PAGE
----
ALL..ABOARD!: West Hopkinton Station
In 1849, having departed from the train station in Contoocookville (as the village was then called) heading west, the first stop on the new Contoocook Valley Railroad was West Hopkinton. This line, having been built with the lumber provided by Hopkinton’s own citizen, Joseph Barnard, followed much of the Contoocook River. From the passenger car a rider could see farms, and fields, woods and homes. The river was an integral feature for the residents of the community. It was the Contoocook River which provided the energy to power the saw mills, grist mills and other industrial mills which could also be seen along the railroad. At a bend in the river, near the western border of the Town of Hopkinton, a small station was built to provide access to the railroad for passengers and freight. The West Hopkinton station was positioned on the north side of the river, just at the junction of the Rowell Bridge which provided access to the opposite side of the river where many of the mills were built. West of the station, on the river, a dam had been built to better harness the water power for industries. Continuing west, the railroad passed into the next town, Henniker, stopping, then continuing on, making its final stop at Hillsborough Bridge. It was at Hillsborough passengers and freight would soon be able to make connections to Peterborough and beyond. The return trains, those heading east to Contoocookville, allowed passengers and freight a connection to the, also new, Concord and Claremont Rail Road providing access to markets well beyond the confines of Hopkinton, or even Merrimack County.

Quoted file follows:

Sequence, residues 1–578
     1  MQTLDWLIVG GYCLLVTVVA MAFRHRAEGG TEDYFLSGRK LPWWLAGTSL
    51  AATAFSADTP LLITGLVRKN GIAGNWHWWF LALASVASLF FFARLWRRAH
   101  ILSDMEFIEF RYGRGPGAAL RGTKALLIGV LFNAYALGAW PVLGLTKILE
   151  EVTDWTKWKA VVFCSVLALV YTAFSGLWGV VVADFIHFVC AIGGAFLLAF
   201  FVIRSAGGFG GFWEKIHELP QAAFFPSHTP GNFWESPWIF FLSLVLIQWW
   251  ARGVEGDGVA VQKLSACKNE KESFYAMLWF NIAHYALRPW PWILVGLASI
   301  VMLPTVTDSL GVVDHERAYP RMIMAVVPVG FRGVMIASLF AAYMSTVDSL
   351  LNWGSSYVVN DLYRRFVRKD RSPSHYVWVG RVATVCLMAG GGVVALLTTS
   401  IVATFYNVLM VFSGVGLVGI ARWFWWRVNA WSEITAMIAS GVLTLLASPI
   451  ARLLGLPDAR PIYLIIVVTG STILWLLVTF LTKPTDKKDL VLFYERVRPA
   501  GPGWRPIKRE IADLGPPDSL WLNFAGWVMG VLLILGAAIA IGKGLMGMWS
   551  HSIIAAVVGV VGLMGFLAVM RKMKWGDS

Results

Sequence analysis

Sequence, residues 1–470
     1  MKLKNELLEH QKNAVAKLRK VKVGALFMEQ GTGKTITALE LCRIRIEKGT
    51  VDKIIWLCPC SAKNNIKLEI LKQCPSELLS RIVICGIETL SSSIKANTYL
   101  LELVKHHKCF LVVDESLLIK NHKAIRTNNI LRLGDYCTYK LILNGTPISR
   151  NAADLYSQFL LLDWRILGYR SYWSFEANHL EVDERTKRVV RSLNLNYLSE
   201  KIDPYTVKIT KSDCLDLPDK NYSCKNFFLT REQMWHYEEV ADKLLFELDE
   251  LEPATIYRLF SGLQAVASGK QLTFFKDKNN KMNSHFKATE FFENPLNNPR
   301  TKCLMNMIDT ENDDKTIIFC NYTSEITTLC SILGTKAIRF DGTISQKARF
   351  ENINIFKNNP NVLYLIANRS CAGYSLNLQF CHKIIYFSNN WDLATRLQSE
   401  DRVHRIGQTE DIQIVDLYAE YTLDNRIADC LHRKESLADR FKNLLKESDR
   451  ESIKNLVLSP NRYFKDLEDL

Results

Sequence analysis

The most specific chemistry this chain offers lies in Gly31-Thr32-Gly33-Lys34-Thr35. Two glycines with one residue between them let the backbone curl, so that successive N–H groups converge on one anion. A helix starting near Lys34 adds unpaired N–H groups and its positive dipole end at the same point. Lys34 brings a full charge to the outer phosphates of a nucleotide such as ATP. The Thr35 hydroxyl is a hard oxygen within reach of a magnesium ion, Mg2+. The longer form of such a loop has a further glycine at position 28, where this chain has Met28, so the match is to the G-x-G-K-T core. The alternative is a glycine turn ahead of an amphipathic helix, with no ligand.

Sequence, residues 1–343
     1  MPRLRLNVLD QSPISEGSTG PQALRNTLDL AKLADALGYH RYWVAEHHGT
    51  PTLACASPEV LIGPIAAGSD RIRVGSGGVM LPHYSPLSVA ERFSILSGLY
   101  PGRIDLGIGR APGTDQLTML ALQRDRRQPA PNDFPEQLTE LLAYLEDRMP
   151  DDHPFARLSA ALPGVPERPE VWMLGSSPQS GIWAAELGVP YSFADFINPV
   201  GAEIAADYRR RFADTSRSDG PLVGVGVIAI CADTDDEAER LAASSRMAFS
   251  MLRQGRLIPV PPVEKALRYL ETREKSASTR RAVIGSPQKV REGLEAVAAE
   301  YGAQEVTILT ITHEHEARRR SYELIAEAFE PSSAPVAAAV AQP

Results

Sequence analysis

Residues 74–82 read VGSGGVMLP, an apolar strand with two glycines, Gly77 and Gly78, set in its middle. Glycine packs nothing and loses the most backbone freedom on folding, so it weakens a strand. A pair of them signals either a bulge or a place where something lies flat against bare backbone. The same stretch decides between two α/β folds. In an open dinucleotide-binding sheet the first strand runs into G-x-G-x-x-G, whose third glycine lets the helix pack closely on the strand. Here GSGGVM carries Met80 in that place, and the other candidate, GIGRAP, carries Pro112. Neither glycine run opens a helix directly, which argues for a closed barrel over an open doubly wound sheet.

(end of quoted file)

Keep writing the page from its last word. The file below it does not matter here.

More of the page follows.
Backstory and Context
Davis Paper Company
The area along the Contoocook River at West Hopkinton has been the site for several mills since early in Hopkinton’s settlement. The bend in the river and the drop in elevation adds to the power the river provides to turn the wheels to saw lumber and grind grain. With the introduction of the railroad through this area in 1849, transporting goods beyond the Town’s borders to new and larger markets became feasible.
But the mill that had the biggest impact on the area was the paper board and leather board manufacturer – Davis Paper Company. In 1906 Henry C. Davis and his brother Horace J. Davis, having recently sold their mills in Davisville, bought the Rowell family farm and the water rights from Frank H. Carr, with the intention of building new mills. The mill buildings would contain state-of-the-art manufacturing machinery; a new dam was constructed; tenement housing for workers was built; and electricity and telephone were brought in. In addition to these buildings, the Davis’s built a warehouse on the opposite side of the river, next to the railroad station.